Apache Set-Up

Setting up a running Apache2 server on my new Ubuntu OS was straightforward.  Because I needed this to help with the domain ownership challenges, here are some notes:

sudo apt update  
sudo apt upgrade  
sudo apt install apache2

(I also had to point a DNS A record to the public IP address of the Ubuntu image.  I did this in the DNS admin tool provided by the company where I registered the domain name.)

After this, a website was up at - displaying the default Apache2 welcome page.

The web site was hosted from /var/www/html

To respond to Certbot’s http challenge (see next section below), I needed to create a static file:

sudo -i  

cd /var/www/html  
mkdir .well-known  
cd .well-known  
mkdir acme-challenge  
cd acme-challenge  
touch -- -xfRE-3Uwpya7iausI41...IE0Vsgv_Ik

I then placed the requested content in this new file (see next section below for the Certbot request for this).

I then checked that this new file was being served by Apache at the expected URL:\_Ik  

Certbot Output

As noted above, the certbot command I used to create my wildcard certificate was this:

sudo certbot certonly --manual \  
  -d \  
  -d *

I was prompted to enter an email address, and to agree to terms of use. The email address will be used for reminders about upcoming cert expirations, so it’s worthwhile to provide a valid address here.

Next, I was challenged to verify DNS ownership through the following test:

Please deploy a DNS TXT record under the name with the following value:  


Before continuing, verify the record is deployed.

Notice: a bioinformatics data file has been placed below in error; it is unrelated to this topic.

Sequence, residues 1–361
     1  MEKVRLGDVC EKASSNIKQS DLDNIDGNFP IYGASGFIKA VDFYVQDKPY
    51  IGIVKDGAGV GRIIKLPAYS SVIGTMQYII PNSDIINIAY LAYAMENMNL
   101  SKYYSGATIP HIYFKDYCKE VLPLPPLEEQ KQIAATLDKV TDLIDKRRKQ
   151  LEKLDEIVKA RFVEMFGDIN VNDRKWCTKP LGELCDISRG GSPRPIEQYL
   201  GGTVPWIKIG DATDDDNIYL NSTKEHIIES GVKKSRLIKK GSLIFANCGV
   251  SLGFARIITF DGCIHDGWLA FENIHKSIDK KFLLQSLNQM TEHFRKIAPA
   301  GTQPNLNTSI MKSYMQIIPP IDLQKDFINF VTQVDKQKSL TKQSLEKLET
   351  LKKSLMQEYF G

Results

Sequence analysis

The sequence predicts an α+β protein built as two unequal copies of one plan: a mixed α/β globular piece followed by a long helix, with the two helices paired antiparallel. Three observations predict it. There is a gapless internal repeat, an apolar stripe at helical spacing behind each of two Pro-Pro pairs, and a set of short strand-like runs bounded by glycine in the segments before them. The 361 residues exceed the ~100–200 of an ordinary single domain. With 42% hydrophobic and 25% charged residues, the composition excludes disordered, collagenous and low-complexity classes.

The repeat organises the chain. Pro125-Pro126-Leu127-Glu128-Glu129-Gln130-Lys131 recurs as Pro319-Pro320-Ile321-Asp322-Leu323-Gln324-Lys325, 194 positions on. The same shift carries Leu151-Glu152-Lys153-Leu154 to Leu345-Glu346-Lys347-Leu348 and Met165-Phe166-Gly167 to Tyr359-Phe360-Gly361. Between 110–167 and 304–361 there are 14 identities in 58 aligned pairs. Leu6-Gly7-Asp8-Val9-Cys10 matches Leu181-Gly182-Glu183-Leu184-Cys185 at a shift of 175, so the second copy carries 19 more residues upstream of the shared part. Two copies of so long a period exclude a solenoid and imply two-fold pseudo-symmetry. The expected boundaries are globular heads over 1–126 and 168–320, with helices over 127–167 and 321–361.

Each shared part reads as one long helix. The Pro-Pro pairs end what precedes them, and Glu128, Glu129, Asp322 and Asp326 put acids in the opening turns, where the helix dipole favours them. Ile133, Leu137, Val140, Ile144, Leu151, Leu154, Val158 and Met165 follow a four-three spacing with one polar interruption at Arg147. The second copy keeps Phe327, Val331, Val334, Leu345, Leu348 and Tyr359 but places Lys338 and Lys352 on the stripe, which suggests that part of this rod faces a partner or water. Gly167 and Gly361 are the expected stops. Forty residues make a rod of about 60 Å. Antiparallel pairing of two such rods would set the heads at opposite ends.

Then, I was challenged to create a static file, to be served by Apache:

Create a file containing just this data:  


And make it available on your web server at this URL:  

(This must be set up in addition to the previous challenges; do not remove,  
replace, or undo the previous challenge tasks yet.)

After completing both of the above challenges, I got this:

Waiting for verification...  
Cleaning up challenges  

 - Congratulations! Your certificate and chain have been saved at:  
 - Your key file has been saved at:  
 - Your cert will expire on 2020-02-30. To obtain a new or tweaked  
   version of this certificate in the future, simply run certbot  
   again. To non-interactively renew *all* of your certificates, run  
   "certbot renew"

Using The Certificate

I used Apache to verify the validity of my new certificate.

First I had to activate SSL for Apache:

sudo a2enmod ssl

Then I had to add a new virtual host to the default Apache config file (under /var/www/html) - just the basics for this test:

<VirtualHost *:443>  
    DocumentRoot /var/www/html  
    SSLEngine on  
    SSLCertificateFile /etc/letsencrypt/live/  
    SSLCertificateKeyFile /etc/letsencrypt/live/  
    SSLCertificateChainFile /etc/letsencrypt/live/  

I verified the config changes with this:

apachectl configtest

I restarted Apache:

systemctl restart apache2

Since my server was an AWS EC2 instance, I also needed to open port 443 in the AWS admin console.

After this I was able to switch to using https for my URLs.

I also used these online tools for SSL/TLS verification (recommended for health-checking any URL):

Certificate Renewal

How you implement automated renewal may depend on how you initially generated your certificate.

The simplest way is to place the following command in crontab, and run it once a week:

sudo certbot renew

It won’t do anything if your certificate is not coming up for renewal.  You can also manually check the expiry date of a certificate by hitting the URL:

curl -sIv |& grep expire

Or by inspecting the file:

openssl x509 -enddate -noout -in cert.pem

You can also check how close a cert is to expiration using the openssl -checkend n where n is the number of seconds to expiration.